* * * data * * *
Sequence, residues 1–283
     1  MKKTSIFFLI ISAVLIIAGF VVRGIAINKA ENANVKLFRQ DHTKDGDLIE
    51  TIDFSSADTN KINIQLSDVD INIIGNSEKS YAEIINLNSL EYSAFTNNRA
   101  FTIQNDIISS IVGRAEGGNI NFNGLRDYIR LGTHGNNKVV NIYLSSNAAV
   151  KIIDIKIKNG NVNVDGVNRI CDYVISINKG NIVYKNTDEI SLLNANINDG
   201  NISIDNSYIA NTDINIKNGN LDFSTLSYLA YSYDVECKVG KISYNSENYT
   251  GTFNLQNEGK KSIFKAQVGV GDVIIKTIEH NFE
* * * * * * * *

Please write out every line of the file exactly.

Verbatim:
Sequence, residues 1–283
     1  MKKTSIFFLI ISAVLIIAGF VVRGIAINKA ENANVKLFRQ DHTKDGDLIE
    51  TIDFSSADTN KINIQLSDVD INIIGNSEKS YAEIINLNSL EYSAFTNNRA
   101  FTIQNDIISS IVGRAEGGNI NFNGLRDYIR LGTHGNNKVV NIYLSSNAAV
   151  KIIDIKIKNG NVNVDGVNRI CDYVISINKG NIVYKNTDEI SLLNANINDG
   201  NISIDNSYIA NTDINIKNGN LDFSTLSYLA YSYDVECKVG KISYNSENYT
   251  GTFNLQNEGK KSIFKAQVGV GDVIIKTIEH NFE